Iraq exported 8.285 billion dollars worth of crude oil under UN supervision in the recently ended 180-day phase of its oil-for-food program, the United Nations said on Monday.
After deductions -- mostly war reparations to Kuwait -- this would leave 5.477 billion dollars for imports of food, medicine and other humanitarian supplies in the same period, an unofficial calculation showed.
The phase was the seventh since the program was established in December 1996.
Import contracts may be approved by the UN after a phase has ended, and supplies are often delivered in a later phase.
By May 30, the UN's sanctions committee had approved import contracts worth a total of 11.486 billion dollars over the previous three and a half years, and 7.663 billion dollars worth of supplies had reached Iraq.
The office, which administers the program, said Iraq had exported 12.4 million barrels of oil for an estimated value of 220 million dollars in the final week of phase seven, which ended at midnight Thursday.
The Security Council immediately extended the program to run for another 180 days.
Phase seven was the first since the council removed the limit on the amount of oil Iraq was allowed to sell, and export revenues were larger than in any previous phase.
But, thanks to increases in the international price of oil, the total volume of crude exported in phase seven, 342.5 million barrels, was less than that in either of the two previous phases.
In phase five, which ended just over a year ago when prices were still in a trough, Iraq exported 360.8 million barrels of crude worth 3.947 billion dollars.
As oil prices almost doubled, it exported 389.6 million barrels worth 7.402 billion dollars in phase six.
Under rules laid down by the Security Council, 53 percent of the revenue is set aside for imports in the government-controlled regions of central and southern Iraq, and 13 percent for the three Kurdish governorates in the north.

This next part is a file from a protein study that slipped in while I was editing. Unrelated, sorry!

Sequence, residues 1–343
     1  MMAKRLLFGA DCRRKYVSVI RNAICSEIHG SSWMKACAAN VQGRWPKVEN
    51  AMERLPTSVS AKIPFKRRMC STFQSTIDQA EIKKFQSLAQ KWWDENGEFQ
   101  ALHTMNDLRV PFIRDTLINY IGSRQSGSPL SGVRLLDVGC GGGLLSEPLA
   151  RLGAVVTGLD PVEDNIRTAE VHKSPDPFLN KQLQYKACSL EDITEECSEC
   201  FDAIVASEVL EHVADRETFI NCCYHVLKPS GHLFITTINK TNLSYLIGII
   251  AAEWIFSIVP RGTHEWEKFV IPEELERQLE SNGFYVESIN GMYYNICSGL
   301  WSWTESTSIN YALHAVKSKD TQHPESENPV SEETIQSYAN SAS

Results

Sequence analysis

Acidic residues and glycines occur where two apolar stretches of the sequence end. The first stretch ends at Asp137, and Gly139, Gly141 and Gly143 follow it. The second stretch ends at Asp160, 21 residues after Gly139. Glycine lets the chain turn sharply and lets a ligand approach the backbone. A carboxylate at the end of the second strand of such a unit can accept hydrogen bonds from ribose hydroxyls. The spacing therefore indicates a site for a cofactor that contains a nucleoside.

Thirty percent of the revenue is paid into the UN Compensation Fund for victims of the Iraqi invasion of Kuwait in August 1990.
Another 2.2 percent goes to the UN's costs in administering the program, which employs 415 international and 1,300 local staff in Iraq, plus 67 people in New York.
The administrative costs of the UN's Iraqi arms control body, the Monitoring, Verification and Inspection Commission (UNMOVIC), absorb 0.8 percent of oil revenues and 1.0 percent is paid into an escrow account.
The latest data available from the office of the Iraq program shows that 4.939 billion dollars worth of food supplies had reached the country since the oil-for-food program began.
Another 904 million dollars of medical supplies had been delivered, together with 361 million dollars of goods in the electricity sector, 361 million for agriculture, 287 million for oil spare parts and 241 million for food handling.
Iraq had received 115 million dollars worth of supplies for water and sanitation and 64 million for education, the office said – BAGHDAD (AFP)
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